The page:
B. Create an Energy Task Force and czar. As the planning, generation, supply and distribution of energy involves a variety of central-government agencies plus municipal governments, the Committee urges the government to appoint an Energy Task Force headed by a professional and highly capable “Energy Czar” with sufficient authority to oversee and manage the implementation of energy policies and coordinate the work of different agencies. This Energy Task Force and czar should report directly to the Premier and seek guidance from the President in terms of National Security concerns to ensure the necessary authority to clear hurdles and drive the energy program forward. It would be the primary government body to implement the National Energy Plan.
C. Develop a robust implementation roadmap. As part of its mandate, the Energy Task Force should develop a comprehensive implementation roadmap to reflect the agreed-upon activities required to support the National Energy Plan in ensuring adequate, reliable, and cost-competitive sources of energy. Taiwan is entering a period of increasing uncertainty regarding the cost and reliability of its energy supply and needs a consolidated roadmap for managing the transition in an orderly way. Although the Committee supports the utilization of renewable energy sources like wind and solar, experience in other markets has shown that transitioning too quickly toward renewable energy places significant upward pressure on energy costs, which is a concern for large power users and could detrimentally affect Taiwan’s ability to promote industrial investment from both foreign and domestic sources. The roadmap should coordinate and manage the progress of the needed actions and activities across all the relevant government and private-sector stakeholders.
D. Stay the course. The benefit of a well-planned roadmap is that it sets out a clear path to achieving the energy goals in a structured and time-phased manner. It also assumes that the plan has received the needed approvals and support from all relevant stakeholders (government agencies, private sector, and state enterprises). As a result, once the Energy Plan and roadmap are approved, any deviations should be minimized. Government must of course consider public opinion, but it needs to be firm in executing the plan. It also needs to recognize that opposition opinions or protests are inevitable throughout the program. The Energy Task Force’s mandate should also include ensuring that opposition and protests are taken seriously but in an expeditious manner so as not to delay the plan.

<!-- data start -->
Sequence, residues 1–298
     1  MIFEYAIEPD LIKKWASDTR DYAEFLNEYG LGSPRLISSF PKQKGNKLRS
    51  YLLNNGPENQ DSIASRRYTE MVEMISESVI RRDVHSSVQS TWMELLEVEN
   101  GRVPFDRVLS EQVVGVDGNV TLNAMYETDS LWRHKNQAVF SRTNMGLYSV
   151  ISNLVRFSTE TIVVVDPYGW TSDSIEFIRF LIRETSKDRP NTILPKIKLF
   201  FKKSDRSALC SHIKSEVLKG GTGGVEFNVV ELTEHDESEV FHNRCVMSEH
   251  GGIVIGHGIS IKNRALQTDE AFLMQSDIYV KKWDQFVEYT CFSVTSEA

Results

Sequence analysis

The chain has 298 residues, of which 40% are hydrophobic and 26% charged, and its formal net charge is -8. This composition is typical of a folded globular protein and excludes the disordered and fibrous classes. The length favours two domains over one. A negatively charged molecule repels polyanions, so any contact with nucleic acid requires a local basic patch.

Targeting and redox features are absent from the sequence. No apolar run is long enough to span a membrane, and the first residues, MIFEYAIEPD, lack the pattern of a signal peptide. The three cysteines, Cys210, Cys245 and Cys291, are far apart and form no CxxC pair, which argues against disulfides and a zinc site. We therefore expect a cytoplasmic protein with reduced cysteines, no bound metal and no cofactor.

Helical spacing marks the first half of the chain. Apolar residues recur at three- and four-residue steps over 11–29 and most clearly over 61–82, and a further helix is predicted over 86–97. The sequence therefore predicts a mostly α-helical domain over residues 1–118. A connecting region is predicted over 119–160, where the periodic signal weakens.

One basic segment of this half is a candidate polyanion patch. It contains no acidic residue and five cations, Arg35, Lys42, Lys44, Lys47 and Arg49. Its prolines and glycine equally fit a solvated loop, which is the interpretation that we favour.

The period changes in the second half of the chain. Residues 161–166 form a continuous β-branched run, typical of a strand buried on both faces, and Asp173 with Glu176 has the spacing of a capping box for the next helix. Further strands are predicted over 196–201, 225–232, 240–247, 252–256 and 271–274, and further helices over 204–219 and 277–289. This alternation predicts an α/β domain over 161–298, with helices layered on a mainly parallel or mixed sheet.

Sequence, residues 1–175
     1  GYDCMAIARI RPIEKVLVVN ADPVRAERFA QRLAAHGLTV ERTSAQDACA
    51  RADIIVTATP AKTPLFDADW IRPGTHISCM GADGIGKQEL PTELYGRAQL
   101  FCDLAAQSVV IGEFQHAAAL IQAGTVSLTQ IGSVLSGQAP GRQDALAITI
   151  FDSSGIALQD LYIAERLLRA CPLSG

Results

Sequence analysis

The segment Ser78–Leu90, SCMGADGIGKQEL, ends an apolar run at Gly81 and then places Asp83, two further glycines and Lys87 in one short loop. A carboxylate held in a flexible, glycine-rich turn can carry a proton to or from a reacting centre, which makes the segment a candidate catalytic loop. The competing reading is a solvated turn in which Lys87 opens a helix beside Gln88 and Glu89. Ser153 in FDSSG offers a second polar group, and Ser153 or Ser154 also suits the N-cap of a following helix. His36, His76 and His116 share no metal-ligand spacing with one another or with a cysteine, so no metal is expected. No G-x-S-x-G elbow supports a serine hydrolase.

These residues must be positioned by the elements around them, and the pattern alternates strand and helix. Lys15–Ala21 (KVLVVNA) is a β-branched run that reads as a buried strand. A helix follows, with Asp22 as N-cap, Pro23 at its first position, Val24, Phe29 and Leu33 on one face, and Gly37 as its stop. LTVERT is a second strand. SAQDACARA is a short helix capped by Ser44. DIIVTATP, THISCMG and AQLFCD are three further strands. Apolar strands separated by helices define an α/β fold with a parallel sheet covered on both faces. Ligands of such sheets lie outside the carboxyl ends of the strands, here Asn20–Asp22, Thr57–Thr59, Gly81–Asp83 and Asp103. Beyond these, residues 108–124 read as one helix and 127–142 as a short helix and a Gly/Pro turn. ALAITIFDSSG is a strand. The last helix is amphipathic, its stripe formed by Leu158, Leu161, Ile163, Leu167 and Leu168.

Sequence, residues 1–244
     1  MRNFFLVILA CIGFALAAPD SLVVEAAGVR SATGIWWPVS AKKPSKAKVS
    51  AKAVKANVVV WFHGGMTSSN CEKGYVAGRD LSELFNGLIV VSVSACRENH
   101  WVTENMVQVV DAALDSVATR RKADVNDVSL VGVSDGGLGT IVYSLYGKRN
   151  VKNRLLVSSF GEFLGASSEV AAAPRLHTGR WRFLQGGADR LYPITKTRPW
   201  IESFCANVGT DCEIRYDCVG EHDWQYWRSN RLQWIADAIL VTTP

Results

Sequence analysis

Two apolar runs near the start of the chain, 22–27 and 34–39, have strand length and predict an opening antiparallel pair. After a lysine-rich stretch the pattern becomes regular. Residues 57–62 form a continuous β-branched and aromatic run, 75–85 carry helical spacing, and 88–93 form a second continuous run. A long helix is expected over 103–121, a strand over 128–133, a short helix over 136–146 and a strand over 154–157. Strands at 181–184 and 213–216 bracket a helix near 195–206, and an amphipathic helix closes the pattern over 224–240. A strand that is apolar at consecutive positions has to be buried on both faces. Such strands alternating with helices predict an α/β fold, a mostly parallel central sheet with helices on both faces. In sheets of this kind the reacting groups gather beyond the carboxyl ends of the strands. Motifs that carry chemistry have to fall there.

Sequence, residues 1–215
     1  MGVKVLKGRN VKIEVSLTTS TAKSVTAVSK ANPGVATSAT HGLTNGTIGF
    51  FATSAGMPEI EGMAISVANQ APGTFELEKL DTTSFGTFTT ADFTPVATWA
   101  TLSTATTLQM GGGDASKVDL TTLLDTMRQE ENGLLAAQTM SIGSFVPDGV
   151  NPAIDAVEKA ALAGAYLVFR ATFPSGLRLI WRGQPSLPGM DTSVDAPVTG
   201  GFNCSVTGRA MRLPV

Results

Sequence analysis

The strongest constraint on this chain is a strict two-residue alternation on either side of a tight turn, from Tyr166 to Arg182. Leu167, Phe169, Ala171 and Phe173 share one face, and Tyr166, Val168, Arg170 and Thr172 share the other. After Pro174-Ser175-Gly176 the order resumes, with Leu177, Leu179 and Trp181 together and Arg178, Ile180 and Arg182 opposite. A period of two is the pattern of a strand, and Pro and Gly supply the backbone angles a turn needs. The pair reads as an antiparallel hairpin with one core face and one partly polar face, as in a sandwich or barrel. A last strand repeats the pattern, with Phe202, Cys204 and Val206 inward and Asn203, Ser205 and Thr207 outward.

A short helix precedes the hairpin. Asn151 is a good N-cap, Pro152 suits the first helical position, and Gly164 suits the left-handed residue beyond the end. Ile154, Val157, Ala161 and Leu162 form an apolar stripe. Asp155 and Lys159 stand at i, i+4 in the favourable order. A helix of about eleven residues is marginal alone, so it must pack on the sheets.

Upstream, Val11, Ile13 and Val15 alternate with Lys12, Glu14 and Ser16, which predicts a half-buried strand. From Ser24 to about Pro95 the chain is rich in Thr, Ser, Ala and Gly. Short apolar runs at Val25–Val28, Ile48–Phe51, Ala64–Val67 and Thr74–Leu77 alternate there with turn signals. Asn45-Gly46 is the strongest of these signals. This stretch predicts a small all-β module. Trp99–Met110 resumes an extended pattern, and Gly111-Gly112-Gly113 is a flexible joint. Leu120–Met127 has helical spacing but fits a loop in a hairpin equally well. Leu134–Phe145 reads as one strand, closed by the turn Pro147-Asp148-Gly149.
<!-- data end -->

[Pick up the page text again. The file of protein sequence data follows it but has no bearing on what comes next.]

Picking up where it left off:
E. Offer competitive energy prices and broader energy-saving incentives. Energy-intensive industries are directly exposed to competition from neighboring countries with better energy cost structures. Since competitive energy prices will enhance overall global competitiveness, Taiwan will need to offer broader energy-saving incentives, such as more flexible demand-response programs, tax incentives for investment on energy-efficient equipment and appliances, inducements for industry to shift production to off-peak hours and adopt other energy-saving schemes, etc.
Suggestion 2: Facilitate the development of energy projects by clarifying and modifying government procedures, expediting infrastructure build-up, and fostering a domestic supply chain.
The government has put forward an ambitious policy to transform Taiwan’s energy mix, with the goal that by 2025 power generation will be fueled 50% by LNG, 30% by coal, and 20% by renewable sources, chiefly wind and solar. Meeting the government’s targets will require unimpeded progress on a broad range of new energy projects. Our specific recommendations this year for achieving that goal build upon those from 2017 and are as follows:
A. Incorporate greater flexibility in the government procurement process. Project owners should allow innovative approaches to be submitted and not set proscriptive specifications that exclude innovative or emerging technologies or approaches that could result in more efficient projects and improved delivery schedules.
B. Foster more public-private partnerships (PPP). To help drive innovation, the government should consider undertaking more PPP opportunities to expand the development of energy-related projects. In other countries, the private sector plays a key role in the development of infrastructure projects such as power-generation plants. In Taiwan, those opportunities are limited. More such opportunities should be considered, with an appropriate tariff and concession period provided to attract private developers. Additionally, efforts should be made to streamline the regulatory process to support the timely completion of public-private development projects. This aspect is another area that should come under the authority of the Energy Task Force, so as to ensure delivery of the PPP projects in accordance with the National Energy Plan and roadmap.
The Energy Committee is eager to engage with the government, providing its support in the constructive development and achievement of Taiwan’s energy policies and plan in order to ensure a continued supply of sufficient, reliable, and cost-competitive energy to the country.